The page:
Reading the Horizon Report 2012: Higher Education Edition, I found interesting the identification and description of the 6 emerging technologies with a high probability to have an impact over the coming 5 years in higher education:
- Mobile Apps: Smartphones including the iPhone and Android have redefined what we mean by mobile computing
- Tablet Computing: Led by the incredible success of the iPad, the advances in table computers have captured the imagination of educators around the world.
- Game-Based Learning: Role-playing, collaborative problem solving, and other forms of simulated experiences are recognized for having broad applicability across a wide range of disciplines.
- Learning Analytics: it refers to the interpretation of a wide range of data produced by and gathered on behalf of students in order to assess academic progress, predict future performance, and spot potential issues.
- Gesture-Based Computing: Gesture-based computing allows users to engage in virtual activities with motions and movements similar to what they would use in the real world, manipulating content intuitively.
- Internet of Things: it’s about network-aware smart objects that connect the physical world with the world of information, by using TCP/IP as the means to convey the information, thus making objects addressable (and findable) on the Internet.
Very interesting emerging technologies!
But there are other aspects of this report that attracted my attention: The Key Trends and Challenges associated with educational technology adoptions for the period 2012 through 2017.
- People expect to be able to work, learn, and study whenever and wherever they want to.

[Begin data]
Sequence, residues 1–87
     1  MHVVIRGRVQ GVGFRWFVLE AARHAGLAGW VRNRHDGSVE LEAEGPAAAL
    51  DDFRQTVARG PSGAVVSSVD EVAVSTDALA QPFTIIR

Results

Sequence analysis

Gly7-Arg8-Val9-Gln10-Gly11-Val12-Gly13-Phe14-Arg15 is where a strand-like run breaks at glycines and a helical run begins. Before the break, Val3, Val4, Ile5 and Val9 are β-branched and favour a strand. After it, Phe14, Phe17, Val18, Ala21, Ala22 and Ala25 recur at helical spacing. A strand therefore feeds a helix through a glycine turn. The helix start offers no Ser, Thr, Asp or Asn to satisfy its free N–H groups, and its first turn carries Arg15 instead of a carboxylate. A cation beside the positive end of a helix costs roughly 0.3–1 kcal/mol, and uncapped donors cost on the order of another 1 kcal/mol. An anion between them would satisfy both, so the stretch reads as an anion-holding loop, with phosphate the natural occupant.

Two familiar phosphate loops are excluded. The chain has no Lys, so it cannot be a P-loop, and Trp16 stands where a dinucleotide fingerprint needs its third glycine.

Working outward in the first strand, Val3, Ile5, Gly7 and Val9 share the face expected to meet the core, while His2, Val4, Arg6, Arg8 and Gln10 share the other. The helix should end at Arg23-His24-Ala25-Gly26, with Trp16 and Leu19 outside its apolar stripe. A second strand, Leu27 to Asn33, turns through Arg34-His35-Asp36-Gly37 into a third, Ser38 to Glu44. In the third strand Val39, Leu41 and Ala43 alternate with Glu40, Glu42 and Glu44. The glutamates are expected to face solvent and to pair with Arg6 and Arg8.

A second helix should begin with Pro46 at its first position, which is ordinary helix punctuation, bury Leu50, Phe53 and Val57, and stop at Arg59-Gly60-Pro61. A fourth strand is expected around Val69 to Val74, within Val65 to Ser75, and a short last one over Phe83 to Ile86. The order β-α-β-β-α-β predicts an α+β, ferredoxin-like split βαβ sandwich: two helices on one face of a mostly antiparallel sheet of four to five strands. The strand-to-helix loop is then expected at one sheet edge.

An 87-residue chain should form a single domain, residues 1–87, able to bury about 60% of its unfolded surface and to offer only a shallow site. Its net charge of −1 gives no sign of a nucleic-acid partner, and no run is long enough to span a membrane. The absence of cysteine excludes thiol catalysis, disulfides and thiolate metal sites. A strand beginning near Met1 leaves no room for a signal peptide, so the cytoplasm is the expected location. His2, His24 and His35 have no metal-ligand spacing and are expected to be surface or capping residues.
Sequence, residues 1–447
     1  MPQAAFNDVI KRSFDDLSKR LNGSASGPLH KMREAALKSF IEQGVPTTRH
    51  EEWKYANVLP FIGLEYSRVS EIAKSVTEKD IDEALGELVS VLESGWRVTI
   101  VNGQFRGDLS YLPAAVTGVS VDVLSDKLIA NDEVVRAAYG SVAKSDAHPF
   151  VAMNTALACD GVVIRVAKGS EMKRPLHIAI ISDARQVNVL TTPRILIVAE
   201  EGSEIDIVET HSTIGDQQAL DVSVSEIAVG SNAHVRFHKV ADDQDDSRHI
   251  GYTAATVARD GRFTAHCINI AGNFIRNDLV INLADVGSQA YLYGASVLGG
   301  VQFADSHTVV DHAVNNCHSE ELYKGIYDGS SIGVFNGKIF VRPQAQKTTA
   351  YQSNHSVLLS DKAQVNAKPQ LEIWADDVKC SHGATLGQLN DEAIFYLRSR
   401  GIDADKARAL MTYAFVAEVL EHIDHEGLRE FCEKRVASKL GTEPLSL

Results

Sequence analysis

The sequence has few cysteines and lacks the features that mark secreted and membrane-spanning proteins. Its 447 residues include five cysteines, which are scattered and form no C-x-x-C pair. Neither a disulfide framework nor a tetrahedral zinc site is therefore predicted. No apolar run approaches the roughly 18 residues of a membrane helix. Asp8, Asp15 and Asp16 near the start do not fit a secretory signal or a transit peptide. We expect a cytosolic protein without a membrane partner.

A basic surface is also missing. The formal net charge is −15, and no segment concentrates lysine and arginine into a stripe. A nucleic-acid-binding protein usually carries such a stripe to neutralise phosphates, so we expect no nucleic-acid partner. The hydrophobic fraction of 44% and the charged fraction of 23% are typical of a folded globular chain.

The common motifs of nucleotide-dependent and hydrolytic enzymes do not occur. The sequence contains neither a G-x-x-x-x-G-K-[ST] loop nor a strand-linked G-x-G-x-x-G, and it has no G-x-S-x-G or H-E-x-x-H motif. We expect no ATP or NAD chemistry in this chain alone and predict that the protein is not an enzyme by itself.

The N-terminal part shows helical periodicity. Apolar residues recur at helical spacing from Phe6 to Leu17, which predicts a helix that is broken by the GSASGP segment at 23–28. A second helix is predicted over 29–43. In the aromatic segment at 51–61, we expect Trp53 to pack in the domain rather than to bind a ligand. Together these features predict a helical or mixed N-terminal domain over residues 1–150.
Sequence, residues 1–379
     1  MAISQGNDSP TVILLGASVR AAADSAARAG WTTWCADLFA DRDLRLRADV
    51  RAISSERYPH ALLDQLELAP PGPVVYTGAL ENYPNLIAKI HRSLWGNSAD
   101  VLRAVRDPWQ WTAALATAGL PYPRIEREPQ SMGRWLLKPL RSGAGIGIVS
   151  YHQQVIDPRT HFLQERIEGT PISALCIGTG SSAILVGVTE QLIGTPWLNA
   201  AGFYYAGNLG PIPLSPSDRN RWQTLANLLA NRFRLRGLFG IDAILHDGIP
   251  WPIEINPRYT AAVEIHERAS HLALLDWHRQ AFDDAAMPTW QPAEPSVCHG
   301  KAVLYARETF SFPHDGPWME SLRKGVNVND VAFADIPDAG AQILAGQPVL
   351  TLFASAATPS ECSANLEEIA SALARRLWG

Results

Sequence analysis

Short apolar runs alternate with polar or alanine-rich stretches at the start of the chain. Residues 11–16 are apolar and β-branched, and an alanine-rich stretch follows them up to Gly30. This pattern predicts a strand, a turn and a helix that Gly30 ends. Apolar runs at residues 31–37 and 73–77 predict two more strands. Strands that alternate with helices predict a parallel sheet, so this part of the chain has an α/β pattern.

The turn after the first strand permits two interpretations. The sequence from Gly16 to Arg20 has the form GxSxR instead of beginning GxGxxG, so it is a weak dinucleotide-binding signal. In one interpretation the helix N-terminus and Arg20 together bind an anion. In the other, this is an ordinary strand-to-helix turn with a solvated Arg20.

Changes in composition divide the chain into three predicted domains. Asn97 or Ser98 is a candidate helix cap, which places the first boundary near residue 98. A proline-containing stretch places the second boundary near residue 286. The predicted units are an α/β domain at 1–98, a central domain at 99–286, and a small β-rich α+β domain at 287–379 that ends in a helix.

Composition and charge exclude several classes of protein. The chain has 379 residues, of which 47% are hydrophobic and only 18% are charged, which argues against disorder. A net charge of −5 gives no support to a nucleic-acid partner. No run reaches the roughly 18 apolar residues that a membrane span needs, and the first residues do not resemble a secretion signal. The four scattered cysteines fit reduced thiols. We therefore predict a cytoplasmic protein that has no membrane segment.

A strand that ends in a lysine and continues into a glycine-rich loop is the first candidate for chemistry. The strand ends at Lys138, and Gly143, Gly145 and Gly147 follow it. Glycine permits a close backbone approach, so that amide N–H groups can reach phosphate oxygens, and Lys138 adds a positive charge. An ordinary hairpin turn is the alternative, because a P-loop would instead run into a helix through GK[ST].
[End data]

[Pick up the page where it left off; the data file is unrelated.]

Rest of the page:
- The technologies we use are increasingly cloud-based, and our notions of IT support are decentralized.
- The world of work is increasingly collaborative, driving changes in the way student projects are structured.
- The abundance of resources and relationships made easily accessible via the Internet is increasingly challenging us to revisit our roles as educators.
- Education paradigms are shifting to include online learning, hybrid learning and collaborative models.
- There is a new emphasis in the classroom on more challenge-based and active learning.
- Economic pressures and new models of education are bringing unprecedented competition to the traditional models of higher education.
- Appropriate metrics of evaluation lag the emergence of new scholarly forms of authoring, publishing, and researching.
- Digital media literacy continues its rise in importance as a key skill in every discipline and profession.
- Institutional barriers present formidable challenges to moving forward in a constructive way with emerging technologies.
- New modes of scholarship are presenting significant challenges for libraries and university collections, how scholarship is documented, and the business models to support these activities.
Do you recognize some of these trends and challenges in your university?